Brunch, How-to Basics, Recipes, Salsas & Condiments

How To Make A Simple Strawberry Syrup

Hey there! Today’s post is brought to you by my desire to confess a small secret that may or may not surprise you. It’s the reason I prefer to make strawberry syrup for our pancakes and waffles whenever possible. I know for sure this wouldn’t surprise my BFF because it annoys the heck out of her when she spends the night and I serve her pancakes the next morning.

Every time that I’ve served pancakes for breakfast while she’s visiting us, I don’t have syrup. She says that I should have it for my guests at the very least, but I have to be honest with you all and tell you, I don’t like syrup!

Maybe she’s right about having it available to my guests, but if I don’t serve it to my family, why would I serve it to anyone else? We’ve gotten so used to using other alternatives like honey, maple syrup, and whipped cream, that we don’t really miss regular syrup anyway! My kids hardly ask for it because they know I never buy it. If we are at a restaurant and they order pancakes, they’ll use the syrup that comes with the meal, and I’m okay with that. At home however, syrup is a rare commodity.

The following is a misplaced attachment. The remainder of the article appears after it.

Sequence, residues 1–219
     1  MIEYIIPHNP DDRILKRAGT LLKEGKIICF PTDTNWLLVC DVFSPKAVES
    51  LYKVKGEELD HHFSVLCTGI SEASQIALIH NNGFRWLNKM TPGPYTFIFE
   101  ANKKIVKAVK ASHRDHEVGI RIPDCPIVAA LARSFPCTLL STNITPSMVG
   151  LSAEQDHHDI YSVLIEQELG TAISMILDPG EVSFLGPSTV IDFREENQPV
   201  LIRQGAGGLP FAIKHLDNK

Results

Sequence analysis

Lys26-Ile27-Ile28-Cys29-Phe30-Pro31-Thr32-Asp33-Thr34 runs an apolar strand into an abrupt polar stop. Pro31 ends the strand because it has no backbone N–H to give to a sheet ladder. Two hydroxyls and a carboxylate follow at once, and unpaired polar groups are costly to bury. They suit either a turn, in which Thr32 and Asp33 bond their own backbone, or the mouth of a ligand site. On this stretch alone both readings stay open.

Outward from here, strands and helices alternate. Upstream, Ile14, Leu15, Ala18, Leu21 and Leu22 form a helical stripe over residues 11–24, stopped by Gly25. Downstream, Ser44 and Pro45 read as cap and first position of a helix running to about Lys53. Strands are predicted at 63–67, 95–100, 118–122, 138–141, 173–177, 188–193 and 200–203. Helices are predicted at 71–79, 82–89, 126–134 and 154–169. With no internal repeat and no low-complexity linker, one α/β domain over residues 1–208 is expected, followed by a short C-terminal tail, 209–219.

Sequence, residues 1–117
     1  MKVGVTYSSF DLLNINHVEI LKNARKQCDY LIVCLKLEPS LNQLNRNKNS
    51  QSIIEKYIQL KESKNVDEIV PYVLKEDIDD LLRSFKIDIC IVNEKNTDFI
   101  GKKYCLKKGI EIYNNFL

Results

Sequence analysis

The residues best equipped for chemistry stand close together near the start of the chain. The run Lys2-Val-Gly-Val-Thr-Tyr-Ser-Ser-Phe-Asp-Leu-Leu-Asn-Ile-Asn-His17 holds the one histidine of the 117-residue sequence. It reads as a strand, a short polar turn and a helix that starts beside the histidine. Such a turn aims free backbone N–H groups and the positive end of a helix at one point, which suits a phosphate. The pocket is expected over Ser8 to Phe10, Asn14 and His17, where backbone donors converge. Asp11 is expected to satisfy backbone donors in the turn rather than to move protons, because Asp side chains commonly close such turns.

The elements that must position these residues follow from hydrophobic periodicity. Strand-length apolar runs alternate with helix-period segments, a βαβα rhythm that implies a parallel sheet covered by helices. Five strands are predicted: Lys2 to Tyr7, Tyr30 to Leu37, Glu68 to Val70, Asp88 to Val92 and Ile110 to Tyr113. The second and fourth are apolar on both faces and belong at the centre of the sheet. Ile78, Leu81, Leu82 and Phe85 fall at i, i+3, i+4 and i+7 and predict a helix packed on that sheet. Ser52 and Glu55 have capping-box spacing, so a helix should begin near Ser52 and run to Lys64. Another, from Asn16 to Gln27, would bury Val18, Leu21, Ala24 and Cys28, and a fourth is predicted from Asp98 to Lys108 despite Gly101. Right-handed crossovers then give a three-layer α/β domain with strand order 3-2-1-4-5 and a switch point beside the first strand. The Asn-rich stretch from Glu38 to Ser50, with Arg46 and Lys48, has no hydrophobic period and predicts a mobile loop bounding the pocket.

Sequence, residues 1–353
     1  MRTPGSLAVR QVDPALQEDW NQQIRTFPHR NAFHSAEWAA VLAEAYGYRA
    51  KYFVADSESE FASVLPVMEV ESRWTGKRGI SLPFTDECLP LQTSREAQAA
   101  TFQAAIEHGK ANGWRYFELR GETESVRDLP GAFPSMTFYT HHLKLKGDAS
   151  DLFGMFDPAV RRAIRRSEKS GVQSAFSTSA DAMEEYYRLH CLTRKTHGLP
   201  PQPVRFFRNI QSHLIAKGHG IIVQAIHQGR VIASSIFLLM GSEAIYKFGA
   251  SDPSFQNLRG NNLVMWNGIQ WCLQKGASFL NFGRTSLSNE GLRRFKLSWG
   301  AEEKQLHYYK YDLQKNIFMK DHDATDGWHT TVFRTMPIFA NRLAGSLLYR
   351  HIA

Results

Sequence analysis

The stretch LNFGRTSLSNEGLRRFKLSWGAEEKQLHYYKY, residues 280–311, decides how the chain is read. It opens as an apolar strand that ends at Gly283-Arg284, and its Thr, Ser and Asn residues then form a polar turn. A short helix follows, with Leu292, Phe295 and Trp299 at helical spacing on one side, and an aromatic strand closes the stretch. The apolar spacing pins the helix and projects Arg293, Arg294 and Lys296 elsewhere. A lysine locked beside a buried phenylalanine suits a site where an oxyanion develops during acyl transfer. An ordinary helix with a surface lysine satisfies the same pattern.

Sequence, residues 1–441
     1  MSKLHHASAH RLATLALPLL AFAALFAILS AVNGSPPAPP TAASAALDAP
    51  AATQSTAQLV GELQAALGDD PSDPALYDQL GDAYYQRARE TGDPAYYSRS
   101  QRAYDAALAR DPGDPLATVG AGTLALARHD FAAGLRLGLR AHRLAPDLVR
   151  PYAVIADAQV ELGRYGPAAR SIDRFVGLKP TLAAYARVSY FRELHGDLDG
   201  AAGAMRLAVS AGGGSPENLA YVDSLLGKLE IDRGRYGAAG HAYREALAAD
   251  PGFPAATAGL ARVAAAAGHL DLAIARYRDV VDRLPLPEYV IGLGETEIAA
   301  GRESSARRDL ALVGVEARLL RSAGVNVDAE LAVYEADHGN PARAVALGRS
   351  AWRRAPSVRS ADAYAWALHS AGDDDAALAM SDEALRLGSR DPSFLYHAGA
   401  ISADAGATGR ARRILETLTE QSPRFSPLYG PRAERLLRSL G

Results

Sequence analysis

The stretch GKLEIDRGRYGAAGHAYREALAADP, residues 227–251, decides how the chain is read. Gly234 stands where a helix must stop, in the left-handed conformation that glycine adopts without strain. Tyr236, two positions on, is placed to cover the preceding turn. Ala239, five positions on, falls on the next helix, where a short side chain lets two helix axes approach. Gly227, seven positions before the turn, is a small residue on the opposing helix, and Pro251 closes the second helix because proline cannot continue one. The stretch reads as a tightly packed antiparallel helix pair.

Now, let me explain why I feel so strongly against regular syrup.

If you were to look at some of the nutrition labels for syrups, you’ll notice that many of them start with high fructose corn syrup. This is a BAD sign! Nutrition labels always list the highest ingredient first. So if you see HFCS as the first ingredient, then that’s the bulk of what ever it is you are eating. In this case: syrup. The problem I have with consuming something with such a high amount of HFCS is that it’s a highly processed ingredient.